Will a base tan help me avoid sun damage? Is a tanning bed safer than a natural tan? Is there a safer way to achieve the summer skin I want?
The American Cancer Society and The Skin Cancer Foundation are extremely clear, there is no such thing as safe UV Rays. They label the term “base tan” as a myth. Each time your skin is brown or red it is a sign of damage and does nothing to prevent future UV damage to your skin. 100 percent of the time, UV exposure increases your risk of melanoma (the deadliest form of skin cancer).
Skin cancer is the most common type of cancer and is steadily climbing in the United States. Tanning beds expose you to UV rays and increase your risk of melanoma. Dr. Kauver, from her position within The Skin Cancer Foundation, stated, “more than 419,000 cases of skin cancer in the U.S. each year are linked to indoor tanning, and those who first use a tanning bed before age 35 increase their risk for melanoma by 75 percent.”
If you are set on having a darker skin tone this summer, sprays and creams that use DHA as the active ingredient are approved by the FDA for external use only. The American Cancer Society stated in regards to DHA, “It should not be inhaled or used in or on the mouth, eyes, or nose. People who choose to get a DHA spray tan should make sure to protect these areas.” The DHA combines with the amino acids in skin and this causes the browning effect. Unlike UV rays that are thought to change the healthy skin layers DNA, the spray and lotion tanners only interact with the dead cell layer of the skin.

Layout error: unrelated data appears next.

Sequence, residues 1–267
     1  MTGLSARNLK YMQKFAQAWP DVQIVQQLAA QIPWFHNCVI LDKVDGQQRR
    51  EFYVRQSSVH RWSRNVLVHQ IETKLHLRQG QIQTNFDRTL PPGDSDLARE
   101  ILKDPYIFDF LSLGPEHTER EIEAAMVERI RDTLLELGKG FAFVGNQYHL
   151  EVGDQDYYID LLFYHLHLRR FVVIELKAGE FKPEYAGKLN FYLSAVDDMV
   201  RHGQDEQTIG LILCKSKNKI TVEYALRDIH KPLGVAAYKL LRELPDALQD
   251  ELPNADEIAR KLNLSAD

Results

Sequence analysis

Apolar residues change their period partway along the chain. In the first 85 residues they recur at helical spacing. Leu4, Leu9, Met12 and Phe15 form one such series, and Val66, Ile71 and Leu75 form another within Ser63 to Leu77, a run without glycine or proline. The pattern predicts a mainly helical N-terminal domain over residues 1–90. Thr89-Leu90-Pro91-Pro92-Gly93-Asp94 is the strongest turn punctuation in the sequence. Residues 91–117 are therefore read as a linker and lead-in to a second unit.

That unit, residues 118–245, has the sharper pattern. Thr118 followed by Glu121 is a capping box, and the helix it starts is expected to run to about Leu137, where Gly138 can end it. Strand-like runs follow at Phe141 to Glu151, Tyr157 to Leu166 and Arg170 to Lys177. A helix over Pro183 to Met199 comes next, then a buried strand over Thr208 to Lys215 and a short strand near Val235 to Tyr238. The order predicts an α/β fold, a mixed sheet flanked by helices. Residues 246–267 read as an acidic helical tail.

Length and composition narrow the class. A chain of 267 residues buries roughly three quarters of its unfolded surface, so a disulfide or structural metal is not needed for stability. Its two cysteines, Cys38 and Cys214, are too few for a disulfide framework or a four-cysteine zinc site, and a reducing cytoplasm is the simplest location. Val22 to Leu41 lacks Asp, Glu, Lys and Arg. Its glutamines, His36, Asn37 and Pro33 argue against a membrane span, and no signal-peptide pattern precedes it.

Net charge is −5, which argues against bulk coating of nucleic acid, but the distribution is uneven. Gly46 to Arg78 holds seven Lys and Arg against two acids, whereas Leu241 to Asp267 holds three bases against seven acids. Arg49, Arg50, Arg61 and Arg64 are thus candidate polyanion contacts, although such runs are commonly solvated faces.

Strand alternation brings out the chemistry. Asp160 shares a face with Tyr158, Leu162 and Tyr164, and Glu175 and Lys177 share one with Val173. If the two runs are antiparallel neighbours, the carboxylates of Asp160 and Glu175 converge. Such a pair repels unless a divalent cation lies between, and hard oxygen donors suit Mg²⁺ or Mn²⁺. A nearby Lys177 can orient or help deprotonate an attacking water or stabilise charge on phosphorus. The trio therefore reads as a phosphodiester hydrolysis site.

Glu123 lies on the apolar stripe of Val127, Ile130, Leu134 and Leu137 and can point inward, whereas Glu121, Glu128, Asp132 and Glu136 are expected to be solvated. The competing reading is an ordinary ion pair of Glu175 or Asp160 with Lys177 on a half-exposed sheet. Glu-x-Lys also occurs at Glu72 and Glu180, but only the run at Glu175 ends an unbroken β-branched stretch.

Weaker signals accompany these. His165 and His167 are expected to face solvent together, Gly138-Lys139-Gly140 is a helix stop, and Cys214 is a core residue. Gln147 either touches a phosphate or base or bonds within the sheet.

When you are going to be in the sunshine cover-up, wear a hat, wear sunglasses with UV protection and lather on broad-spectrum sunscreen. Sunscreens lower than SPF 15 cannot claim to help protect against skin cancer or the early aging of skin. When you are going to be sweating or playing in the water read labels to find out how long the sunscreen claims to be water-resistant.
Reminder, babies under 6 months should be kept out of the sun when possible and covered with light clothing and a hat when there is no shade available.
We recommend you use the American Cancer Society to keep track of your skin health through regular self-examination. “Some of the more common ways in which skin cancers can appear include:
• A new, expanding, or changing growth, spot, or bump on the skin
• A sore that bleeds and/or doesn’t heal after several weeks
• A rough or scaly red patch, which might crust or bleed
• A wart-like growth
• A mole (or other spot on the skin) that’s new or changing in size, shape, or color
• A mole with an odd shape, irregular borders, or areas of different colors
The providers of Forks Community Hospital, Bogachiel Medical Clinic, Clallam Bay Medical Clinic, and Forks Family Medical Clinic remind you that if you see something on your skin that has only recently appeared or has changed to make an appointment to have it looked at immediately.
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Disclaimer: This column is not intended as a diagnosis or recommended treatment of a specific condition. Answers are not a replacement for an individual medical evaluation. Individual health concerns should be evaluated by a licensed clinician.